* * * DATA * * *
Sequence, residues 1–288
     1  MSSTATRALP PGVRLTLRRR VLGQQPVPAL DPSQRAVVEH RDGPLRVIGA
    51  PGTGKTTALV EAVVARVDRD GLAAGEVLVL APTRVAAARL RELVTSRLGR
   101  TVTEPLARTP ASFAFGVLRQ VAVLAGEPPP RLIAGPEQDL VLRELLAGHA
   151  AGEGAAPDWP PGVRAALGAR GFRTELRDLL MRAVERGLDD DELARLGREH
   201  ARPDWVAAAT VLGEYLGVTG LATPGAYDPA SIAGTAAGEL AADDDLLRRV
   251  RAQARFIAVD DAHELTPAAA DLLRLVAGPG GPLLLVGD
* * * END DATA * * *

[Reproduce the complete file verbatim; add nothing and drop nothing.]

Sequence, residues 1–288
     1  MSSTATRALP PGVRLTLRRR VLGQQPVPAL DPSQRAVVEH RDGPLRVIGA
    51  PGTGKTTALV EAVVARVDRD GLAAGEVLVL APTRVAAARL RELVTSRLGR
   101  TVTEPLARTP ASFAFGVLRQ VAVLAGEPPP RLIAGPEQDL VLRELLAGHA
   151  AGEGAAPDWP PGVRAALGAR GFRTELRDLL MRAVERGLDD DELARLGREH
   201  ARPDWVAAAT VLGEYLGVTG LATPGAYDPA SIAGTAAGEL AADDDLLRRV
   251  RAQARFIAVD DAHELTPAAA DLLRLVAGPG GPLLLVGD